First, this is a Rhymesayers release, so of course I’m going to check it out. Second, it’s a new group that includes Aesop Rock which also means it was bound to get my attention. Finally, it’s Rock teaming up with Rob Sonic and DJ Big Whiz so there’s the ex-Def Jux connection as well. I expected something crazy-cool, but what I got was something I’ve heard before. Truth be told this feels a heck of a lot like a solo Aesop Rock effort. The beats feel like his, he performs a solid majority of the lyrics, and Sonic manages to fit into the spaces he’s given perfectly (even though he doesn’t push the beats too far out of Rock’s usual range). With my expectations being reset, I found I easily enjoyed this as much as any of Rock’s other projects, which is to say I loved it. I’m not sure how much appeal this will have outside of already existing fans of Rock and abstract hip-hop, but if you’re even remotely interested in either this will be a hit for you.

WolverineCommunication Lost

I don’t really know the best way to accurately describe what you can expect from Wolverine. They definitely fall into the progressive rock/metal genre, similar to Porcupine Tree or Pain of Salvation, but they’re much more subdued than either of those bands, almost taking on some similar traits to Radiohead or a very depressive Interpol. Even though the songs are very slow-moving and depressively composed, this isn’t at all doom-y as you’d expect, somewhat akin to a less aggressive Katatonia. Being that this album is very prog oriented, it may test your patience over the course of the 70+ minutes it runs, but fans of the genre will enjoy every one of those minutes.

Dan DankmeyerArcologies Origin


Dan is a busy guy. He’s released two albums this year after 4 (yes, 4!) from last year. In his bio he states that he tries to release an “album” every 3 months or so. That’s pretty ambitious and could easily lead to stagnation of content and burnout, but if you’re a progressive metal or djent fan, you’ll enjoy every moment of both of these albums. Playing in a style very similar to Vildhjarta (the instrumental tracks) or Periphery, Dankmeyer adds his own touch to the djent mix, tossing in some soloing and riffing that wouldn’t appear out of place on a Darkest Hour or August Burns Red album. Keep your eye on this guy as he could take off at any moment.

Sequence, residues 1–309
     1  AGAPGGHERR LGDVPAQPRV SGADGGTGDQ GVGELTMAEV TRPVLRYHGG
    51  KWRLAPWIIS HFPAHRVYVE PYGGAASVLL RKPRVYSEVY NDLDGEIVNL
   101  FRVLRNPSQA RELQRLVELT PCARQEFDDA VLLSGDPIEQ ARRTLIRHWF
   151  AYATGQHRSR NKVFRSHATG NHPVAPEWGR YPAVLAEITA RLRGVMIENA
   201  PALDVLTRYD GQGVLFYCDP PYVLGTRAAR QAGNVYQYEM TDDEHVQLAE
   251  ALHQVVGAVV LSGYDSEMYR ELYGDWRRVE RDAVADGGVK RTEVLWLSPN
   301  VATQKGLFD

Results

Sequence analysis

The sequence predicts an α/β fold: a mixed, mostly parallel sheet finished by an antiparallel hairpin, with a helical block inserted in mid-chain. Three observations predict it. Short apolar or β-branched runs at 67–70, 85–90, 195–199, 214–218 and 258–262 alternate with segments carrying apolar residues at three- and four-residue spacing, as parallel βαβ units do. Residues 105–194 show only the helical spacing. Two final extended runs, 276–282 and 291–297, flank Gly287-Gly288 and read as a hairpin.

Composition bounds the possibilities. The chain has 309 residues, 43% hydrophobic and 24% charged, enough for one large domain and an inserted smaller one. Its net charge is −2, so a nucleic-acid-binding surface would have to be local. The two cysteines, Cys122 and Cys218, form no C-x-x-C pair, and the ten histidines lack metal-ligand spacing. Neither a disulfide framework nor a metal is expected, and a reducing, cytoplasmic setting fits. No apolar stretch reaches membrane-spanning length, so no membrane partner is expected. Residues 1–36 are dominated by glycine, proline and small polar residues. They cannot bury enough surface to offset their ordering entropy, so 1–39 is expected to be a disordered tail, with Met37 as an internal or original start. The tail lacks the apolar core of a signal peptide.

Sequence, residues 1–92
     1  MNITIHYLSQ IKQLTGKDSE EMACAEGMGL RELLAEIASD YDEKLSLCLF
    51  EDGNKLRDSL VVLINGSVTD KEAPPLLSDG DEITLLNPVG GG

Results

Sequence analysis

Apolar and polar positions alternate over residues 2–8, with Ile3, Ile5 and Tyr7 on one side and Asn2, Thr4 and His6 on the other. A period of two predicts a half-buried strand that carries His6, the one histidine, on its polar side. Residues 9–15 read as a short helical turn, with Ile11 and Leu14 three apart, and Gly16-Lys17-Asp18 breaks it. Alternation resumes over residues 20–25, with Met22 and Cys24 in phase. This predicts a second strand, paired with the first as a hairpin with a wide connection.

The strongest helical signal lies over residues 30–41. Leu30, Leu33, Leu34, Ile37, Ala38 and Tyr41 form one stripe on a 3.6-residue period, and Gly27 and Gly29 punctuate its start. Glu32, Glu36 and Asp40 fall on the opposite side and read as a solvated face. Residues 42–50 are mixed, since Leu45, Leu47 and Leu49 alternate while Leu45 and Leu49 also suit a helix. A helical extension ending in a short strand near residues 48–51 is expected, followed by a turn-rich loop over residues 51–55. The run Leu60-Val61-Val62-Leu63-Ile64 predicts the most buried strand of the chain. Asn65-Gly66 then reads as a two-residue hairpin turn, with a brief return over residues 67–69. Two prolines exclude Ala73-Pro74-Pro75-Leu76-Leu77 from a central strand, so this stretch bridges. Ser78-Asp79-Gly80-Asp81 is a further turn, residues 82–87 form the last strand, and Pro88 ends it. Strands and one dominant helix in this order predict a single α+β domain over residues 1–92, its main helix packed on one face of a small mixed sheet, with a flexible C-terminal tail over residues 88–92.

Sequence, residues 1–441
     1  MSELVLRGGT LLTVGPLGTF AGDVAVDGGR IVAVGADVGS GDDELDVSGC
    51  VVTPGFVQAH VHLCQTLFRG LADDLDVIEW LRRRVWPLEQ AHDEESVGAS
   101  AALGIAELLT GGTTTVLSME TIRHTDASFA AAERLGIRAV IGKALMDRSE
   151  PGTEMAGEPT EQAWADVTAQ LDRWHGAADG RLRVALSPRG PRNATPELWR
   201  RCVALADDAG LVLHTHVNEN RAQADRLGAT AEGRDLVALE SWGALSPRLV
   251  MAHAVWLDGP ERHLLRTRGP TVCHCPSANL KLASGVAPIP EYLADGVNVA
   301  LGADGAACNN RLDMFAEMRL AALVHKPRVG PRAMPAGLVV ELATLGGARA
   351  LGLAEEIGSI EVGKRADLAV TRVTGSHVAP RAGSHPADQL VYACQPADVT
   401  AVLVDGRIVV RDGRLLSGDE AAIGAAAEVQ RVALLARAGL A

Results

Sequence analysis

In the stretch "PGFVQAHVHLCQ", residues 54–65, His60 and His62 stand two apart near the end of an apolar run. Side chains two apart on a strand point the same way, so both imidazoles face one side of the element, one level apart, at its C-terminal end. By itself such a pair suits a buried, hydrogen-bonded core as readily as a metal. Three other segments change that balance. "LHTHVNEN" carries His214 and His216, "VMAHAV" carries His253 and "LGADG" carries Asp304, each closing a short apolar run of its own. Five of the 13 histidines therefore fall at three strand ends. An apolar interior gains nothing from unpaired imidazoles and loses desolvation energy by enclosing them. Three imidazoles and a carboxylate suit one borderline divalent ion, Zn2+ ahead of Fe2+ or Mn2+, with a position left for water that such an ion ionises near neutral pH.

SubrosaNo Help for the Mighty Ones

When I heard this band described as an all girl doom metal band, my brain translated that as “gimmicky, subpar, knockoff doom band.” When I listened to Subrosa, however, I was confronted with a healthy mix of Neurosis, Kylesa, folk, Otep Shamaya styled vocals, PJ Harvey, and the bleakness of Across Tundras. If that combination has you at all interested, trust me, you’ll find yourself entranced by the droning, sludgy, textured approach to doom metal that Subrosa take. The last thing in the world that this album is is a gimmick.

Boys No GoodNever Felt Better

Every summer needs at least one truly great pop-punk effort and this year’s is Never Felt Better from Boys No Good. Now this is the classically styled pop-punk in the vein of The Wonder Years, Lifetime, The Movielife, and early career New Found Glory, not the crap that you hear called pop-punk at Warped Tour and on Pandora. It’s easy to see how Boys No Good excel at this sound as they have previous members of Casey Jones and Kids Like Us populating the band. Much like A Wilhelm Scream re-energized the genre when they came onto the scene, I think Boys No Good can do the same thing. They know how to create heartfelt, catchy, and authentic sounding pop-punk, which is exactly what we need with metalcore and auto-tune bands overcrowding the punk and hardcore scene.

Jardin de la CroixOcean Cosmonauts

This album falls smack dab in the middle of the instrumental math rock genre, but with some post-rock leanings for good measure. Hailing from Madrid, this Spanish band will be for fans of other instrumental artists, such as Buckethead, Toundra, Caspian, or This Will Destroy You. The focus of this album is obviously on the individual instruments and the sections that focus on the noodling and playing of each member (especially the guitars), but each song is relatively well composed and has an ebb and flow to it that often isn’t found in many wanktastic bands. This is probably where the post-rock influence helps; it grounds the songs and lets the show-off moments fit into the loose post-rock template utilized.

No comments: